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Thread: What am I doing? Reopened

  1. #1
    Join Date
    Nov 2010
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    What am I doing? Reopened

    The original thread:
    What am I doing?
    I got into an argument with a QC. The craftsman was running the wire from an explosion proof disconnect to building structural steel. I say he was grounding the case. The QC said I was bonding the case. What do you think?

    The thread did not get a definitive answer. I came across this.

    Mike Holt wrote:


    For EC&M Magazine

    By Mike Holt, NEC Consultant

    Grounding and Bonding - Article 250, based on the 2017 NEC - Part 1



    Do you understand how to ground and bond your system?

    It’s important to understand the difference between grounding and bonding so you correctly apply the provisions of Article 250.

    We earth ground systems to the earth to reduce overvoltage (from lightning induced energy and other events) on the conductors and electrical components (such as transformer and motor windings) of the installation. Grounding metal parts helps drain off static electricity charges before flashover potential is reached. Static grounding is often used in areas where the discharge (arcing) of the voltage buildup (static) can cause dangerous or undesirable conditions.
    We bond so that metal parts of electrical raceways, cables, enclosures, and equipment are connected to the supply source via an effective ground-fault current path. To quickly remove dangerous voltage on metal parts from a ground fault, the effective ground-fault current path must have sufficiently low impedance to the source so fault current will quickly rise to a level that will open the circuit overcurrent protection device.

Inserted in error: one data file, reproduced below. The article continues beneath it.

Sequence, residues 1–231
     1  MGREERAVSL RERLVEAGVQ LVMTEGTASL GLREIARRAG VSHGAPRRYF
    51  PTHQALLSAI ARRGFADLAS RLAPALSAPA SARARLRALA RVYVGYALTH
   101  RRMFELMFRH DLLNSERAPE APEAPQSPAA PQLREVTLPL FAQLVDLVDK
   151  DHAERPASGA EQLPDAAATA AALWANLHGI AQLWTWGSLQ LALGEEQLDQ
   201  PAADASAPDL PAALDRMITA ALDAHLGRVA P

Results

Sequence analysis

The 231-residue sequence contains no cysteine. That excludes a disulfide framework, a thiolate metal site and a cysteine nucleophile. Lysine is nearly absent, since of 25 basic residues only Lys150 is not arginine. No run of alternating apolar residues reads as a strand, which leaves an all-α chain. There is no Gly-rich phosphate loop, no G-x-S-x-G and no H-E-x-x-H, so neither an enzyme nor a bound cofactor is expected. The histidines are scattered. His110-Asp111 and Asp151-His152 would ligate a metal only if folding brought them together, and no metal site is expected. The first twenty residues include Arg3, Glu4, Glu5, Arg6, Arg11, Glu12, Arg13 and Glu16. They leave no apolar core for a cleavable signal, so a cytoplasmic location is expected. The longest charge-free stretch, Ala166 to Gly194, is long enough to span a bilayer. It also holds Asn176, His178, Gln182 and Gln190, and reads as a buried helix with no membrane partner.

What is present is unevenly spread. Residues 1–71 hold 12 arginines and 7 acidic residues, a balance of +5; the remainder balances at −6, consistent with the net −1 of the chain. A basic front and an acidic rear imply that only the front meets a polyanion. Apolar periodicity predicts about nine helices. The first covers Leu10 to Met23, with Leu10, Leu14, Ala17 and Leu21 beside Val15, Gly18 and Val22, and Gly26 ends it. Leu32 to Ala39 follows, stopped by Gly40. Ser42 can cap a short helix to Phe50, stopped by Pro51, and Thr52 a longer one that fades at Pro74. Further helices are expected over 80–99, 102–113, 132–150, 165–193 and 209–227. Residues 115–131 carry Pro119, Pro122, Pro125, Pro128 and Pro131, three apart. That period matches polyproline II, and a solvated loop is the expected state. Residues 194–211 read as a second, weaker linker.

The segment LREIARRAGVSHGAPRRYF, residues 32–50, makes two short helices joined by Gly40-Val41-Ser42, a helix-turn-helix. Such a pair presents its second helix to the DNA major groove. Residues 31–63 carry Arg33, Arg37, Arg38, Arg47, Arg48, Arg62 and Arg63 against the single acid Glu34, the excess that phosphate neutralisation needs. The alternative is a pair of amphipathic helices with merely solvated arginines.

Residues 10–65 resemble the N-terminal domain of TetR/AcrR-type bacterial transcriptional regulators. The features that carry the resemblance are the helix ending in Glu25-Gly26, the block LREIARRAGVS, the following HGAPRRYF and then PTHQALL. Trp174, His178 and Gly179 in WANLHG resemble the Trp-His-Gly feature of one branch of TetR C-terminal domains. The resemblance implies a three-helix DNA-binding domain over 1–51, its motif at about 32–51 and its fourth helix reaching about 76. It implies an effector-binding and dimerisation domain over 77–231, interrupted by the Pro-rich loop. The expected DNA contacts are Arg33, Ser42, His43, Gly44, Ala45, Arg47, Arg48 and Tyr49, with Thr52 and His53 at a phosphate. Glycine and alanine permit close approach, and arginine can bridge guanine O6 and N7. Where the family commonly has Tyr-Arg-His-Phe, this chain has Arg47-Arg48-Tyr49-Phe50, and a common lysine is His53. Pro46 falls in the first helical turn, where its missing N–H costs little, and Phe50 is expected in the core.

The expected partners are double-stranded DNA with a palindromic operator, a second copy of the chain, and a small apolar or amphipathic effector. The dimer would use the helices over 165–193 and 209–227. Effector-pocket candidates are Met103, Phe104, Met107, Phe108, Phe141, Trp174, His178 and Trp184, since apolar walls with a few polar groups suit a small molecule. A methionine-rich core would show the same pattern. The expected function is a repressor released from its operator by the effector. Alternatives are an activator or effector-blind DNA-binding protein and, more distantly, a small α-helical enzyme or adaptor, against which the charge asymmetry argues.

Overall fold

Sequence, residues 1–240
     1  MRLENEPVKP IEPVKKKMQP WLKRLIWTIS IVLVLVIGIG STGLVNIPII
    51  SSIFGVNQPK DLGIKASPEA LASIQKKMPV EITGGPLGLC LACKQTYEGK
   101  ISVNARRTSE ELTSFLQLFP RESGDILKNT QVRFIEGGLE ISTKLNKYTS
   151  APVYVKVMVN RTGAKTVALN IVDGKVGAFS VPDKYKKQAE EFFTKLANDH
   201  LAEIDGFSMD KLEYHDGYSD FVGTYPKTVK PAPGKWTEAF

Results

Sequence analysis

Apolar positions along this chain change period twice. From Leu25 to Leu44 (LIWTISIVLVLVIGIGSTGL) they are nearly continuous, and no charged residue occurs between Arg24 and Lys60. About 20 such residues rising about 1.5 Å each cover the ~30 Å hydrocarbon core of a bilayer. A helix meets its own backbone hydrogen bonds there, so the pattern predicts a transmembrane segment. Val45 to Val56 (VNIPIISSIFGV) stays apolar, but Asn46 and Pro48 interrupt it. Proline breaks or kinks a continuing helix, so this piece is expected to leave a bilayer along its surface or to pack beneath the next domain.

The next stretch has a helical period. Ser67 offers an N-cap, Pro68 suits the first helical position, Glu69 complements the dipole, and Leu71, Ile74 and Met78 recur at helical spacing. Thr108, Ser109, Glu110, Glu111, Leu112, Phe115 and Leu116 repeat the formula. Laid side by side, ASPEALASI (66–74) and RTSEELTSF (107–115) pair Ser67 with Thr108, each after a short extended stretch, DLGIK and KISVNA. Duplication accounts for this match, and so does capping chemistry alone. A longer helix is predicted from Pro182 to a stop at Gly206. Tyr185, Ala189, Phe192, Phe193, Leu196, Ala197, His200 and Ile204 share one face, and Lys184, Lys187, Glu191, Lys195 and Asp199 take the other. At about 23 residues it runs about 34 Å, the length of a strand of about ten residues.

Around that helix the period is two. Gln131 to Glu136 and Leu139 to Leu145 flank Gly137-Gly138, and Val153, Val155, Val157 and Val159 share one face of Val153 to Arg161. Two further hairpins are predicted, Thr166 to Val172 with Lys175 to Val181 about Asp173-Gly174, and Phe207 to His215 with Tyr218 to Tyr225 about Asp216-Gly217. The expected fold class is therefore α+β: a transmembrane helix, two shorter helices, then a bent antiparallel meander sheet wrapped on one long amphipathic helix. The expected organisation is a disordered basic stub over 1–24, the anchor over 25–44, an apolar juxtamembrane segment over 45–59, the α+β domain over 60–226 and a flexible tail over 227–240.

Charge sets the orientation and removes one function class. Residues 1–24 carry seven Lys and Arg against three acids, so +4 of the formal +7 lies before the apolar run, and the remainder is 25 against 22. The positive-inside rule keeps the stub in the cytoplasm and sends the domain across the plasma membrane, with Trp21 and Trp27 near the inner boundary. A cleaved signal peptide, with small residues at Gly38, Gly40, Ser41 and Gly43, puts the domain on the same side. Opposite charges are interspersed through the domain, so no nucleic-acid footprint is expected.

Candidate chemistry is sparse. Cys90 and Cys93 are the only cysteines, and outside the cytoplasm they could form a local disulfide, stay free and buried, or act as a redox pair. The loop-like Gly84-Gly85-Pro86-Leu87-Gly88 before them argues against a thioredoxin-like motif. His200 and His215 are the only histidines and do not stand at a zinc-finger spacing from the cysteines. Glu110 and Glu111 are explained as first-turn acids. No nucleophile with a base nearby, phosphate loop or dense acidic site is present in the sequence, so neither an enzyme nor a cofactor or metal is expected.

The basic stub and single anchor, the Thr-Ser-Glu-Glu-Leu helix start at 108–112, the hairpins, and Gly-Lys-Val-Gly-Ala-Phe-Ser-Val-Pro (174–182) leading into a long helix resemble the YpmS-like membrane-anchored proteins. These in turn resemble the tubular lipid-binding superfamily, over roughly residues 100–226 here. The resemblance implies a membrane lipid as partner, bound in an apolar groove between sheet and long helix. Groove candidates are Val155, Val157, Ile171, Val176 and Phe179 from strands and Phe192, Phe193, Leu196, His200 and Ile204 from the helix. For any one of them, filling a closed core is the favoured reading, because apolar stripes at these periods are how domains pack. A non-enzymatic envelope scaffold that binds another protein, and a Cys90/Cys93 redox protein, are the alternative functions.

2. #2
    Join Date
    Nov 2010
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    In conclusion, since the system was effectively grounded with the installed conductors, I still think the additional wire to steel is for grounding since this will bleed off any static or residual currents and does not facilitate the operation of the overcurrent device. Opinions?

  3. #3
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    Yes.

  4. #4
    Join Date
    Dec 2012
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    Placerville, CA, USA
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    It will do no more to bleed off static than the EGC would.
    But it would not hurt anything.
    It could be considered as both a bond and a ground. That often happens. It is not a code required bond or ground though.

    mobile

  5. #5
    Join Date
    Jan 2009
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    Quote Originally Posted by GoldDigger View Post
    It could be considered as both a bond and a ground. T


    The case is being grounded by the steel, assuming the steel qualifies as an electrode and the steel is being bonded by the case, assuming the case is bonded.
    "Electricity is really just organized lightning." George Carlin


    Derek

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